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Curr Opin Plant Biol. 2008 Aug;11(4):380-8. doi: 10.1016/j.pbi.2008.04.007. Epub 2008 Jun 10.

Enzyme-inhibitor interactions at the plant-pathogen interface.

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Plant Chemetics Laboratory, Max Planck Institute for Plant Breeding Research, Carl-von-Linne-Weg 10, 50829 Cologne, Germany.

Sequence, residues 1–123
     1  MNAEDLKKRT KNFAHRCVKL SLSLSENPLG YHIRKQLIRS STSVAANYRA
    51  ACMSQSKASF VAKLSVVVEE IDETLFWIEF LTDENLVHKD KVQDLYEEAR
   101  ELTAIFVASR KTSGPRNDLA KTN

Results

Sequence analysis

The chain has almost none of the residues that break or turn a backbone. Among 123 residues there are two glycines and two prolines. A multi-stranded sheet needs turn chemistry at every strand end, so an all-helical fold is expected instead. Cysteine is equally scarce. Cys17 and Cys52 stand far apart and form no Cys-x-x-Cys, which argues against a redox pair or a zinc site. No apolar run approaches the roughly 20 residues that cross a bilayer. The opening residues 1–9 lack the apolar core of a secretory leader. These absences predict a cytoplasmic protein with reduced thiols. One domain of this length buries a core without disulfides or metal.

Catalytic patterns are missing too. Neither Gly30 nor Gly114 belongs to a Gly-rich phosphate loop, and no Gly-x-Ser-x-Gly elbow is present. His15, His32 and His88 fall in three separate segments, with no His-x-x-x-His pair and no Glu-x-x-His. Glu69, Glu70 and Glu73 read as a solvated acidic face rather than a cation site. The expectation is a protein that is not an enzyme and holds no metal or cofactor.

The plant apoplast during plant-pathogen interactions is an ancient battleground that holds an intriguing range of attacking enzymes and counteracting inhibitors. Examples are pathogen xylanases and polygalacturonases that are inhibited by plant proteins like TAXI, XIP, and PGIP; and plant glucanases and proteases, which are targeted by pathogen proteins such as GIP1, EPI1, EPIC2B, and AVR2. These seven well-characterized inhibitors have different modes of action and many probably evolved from inactive enzymes themselves. Detailed studies of the structures, sequence variation, and mutated proteins uncovered molecular struggles between these enzymes and their inhibitors, resulting in positive selection for variant residues at the contact surface, where single residues determine the outcome of the interaction.

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